Walking slowly through the bustling, yet monotone hallways of what is supposed to be an eclectic college environment, I feel distant from the sea of students who surround me. I don’t belong in their cliques and I have nothing to offer in their conversations; I am alone. I don’t consider myself depressed or socially awkward, but ever since I became a small fish in this great pond, I have had an empty feeling. This drawback of becoming more comfortable stems from the absence of dance in my life.
I have spent the majority of my life pursuing the art of jazz dance. When I first started dancing, at around 4 years old, I was enrolled in a variety of classes to see which style best suited me. I enjoyed the structure and precision of ballet, and the constant movement paired with the clicking sound of tap, but I truly appreciated the freedom that came along with the jazz style. I was instantly attracted to the Broadway, flashy feel of jazz. Over the years, however, my parents kept me enrolled in ballet courses in order to maintain a strong technical foundation. I feel that this technique has aided in my leaps, turns, and flexibility. I know that my powerful and sharp movements in jazz are greatly supported by my firm background in ballet technique. Nevertheless, I have realized that I took much more from my weekly classes than purely good technique and performing experience.
Being enrolled in several jazz classes provided me with a security blanket. Outside of school, I had found something that made me feel comfortable and needed. Although we weren’t a traditional sports team, my fellow dancers and I depended on each other and truly fed off of each other’s strengths. Unlike sitting in a tiresome political science class, dance class made me feel energized. I know now that I was always learning without even knowing it; I actually looked forward to going to class. For fourteen years, I went to the same dance studio, saw the same instructors, and rehearsed with the same dancers. The certainty of having this getaway multiple times a week allowed me to branch out from my peers at school. Instead of having academia to rely on, I had something special in common with the people at my studio. I liked being accepted by people who I deemed talented, and for my whole life, this is where I was most comfortable. I developed both as a dancer and as a individual through my years at The Modesto Dance Academy.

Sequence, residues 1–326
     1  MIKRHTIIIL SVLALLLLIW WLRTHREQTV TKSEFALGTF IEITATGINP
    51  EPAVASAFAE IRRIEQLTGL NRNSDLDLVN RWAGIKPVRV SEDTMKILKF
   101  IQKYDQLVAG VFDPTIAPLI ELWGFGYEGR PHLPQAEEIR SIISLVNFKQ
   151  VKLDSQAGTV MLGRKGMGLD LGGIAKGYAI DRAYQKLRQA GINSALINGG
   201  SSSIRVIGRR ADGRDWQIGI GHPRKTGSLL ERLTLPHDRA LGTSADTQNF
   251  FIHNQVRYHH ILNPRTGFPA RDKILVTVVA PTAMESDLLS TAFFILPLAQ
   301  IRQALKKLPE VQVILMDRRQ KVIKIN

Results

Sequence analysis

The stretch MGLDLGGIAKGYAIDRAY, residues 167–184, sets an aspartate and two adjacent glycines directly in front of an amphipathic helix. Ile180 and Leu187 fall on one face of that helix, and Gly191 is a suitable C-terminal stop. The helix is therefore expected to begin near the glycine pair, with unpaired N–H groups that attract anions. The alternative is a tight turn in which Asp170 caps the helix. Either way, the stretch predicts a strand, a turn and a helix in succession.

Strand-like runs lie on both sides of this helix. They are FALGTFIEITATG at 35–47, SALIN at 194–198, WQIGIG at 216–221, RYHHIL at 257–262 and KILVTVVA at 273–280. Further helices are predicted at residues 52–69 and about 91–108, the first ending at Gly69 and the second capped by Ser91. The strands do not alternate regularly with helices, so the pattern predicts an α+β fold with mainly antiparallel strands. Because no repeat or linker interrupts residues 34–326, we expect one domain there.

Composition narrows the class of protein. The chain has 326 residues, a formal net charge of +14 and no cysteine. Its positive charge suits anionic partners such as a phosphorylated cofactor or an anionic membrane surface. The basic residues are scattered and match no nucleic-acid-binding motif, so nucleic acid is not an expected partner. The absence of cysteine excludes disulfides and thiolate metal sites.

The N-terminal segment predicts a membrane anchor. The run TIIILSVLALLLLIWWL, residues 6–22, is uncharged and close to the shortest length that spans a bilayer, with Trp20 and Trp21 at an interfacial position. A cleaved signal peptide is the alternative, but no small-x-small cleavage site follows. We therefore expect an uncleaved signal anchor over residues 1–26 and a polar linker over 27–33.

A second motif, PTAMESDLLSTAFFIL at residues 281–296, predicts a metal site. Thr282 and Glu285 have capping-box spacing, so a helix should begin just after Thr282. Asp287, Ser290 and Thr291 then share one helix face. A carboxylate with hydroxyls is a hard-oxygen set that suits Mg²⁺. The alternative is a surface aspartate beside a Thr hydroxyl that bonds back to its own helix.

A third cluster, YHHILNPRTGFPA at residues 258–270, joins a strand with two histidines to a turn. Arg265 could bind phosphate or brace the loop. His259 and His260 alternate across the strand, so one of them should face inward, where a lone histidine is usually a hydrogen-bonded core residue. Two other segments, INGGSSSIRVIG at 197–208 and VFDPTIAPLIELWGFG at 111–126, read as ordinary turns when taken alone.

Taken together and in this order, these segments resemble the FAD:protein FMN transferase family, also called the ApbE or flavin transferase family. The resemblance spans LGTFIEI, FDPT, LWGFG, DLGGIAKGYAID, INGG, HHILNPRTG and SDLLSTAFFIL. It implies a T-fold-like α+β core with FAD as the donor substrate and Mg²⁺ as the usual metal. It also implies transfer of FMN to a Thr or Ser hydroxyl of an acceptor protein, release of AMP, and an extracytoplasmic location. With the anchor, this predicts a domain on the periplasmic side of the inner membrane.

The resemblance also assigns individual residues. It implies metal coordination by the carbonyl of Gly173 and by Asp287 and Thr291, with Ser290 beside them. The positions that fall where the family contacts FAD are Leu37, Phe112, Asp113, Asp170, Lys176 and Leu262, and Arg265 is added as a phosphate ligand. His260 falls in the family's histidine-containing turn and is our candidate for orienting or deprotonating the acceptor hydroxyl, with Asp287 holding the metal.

In our bustling, competing world that always seems to be centered on the economy, politics, and reputation, reverting back to the body and dance is the way I learned to keep sane. I know that in the year since I have stopped rehearsing jazz, I have felt unbalanced and unconfident. My college experience has been incomplete and somewhat empty without my jazz security blanket. I believe that jazz dance is a powerful performing art that allows us to have control on and off the stage.
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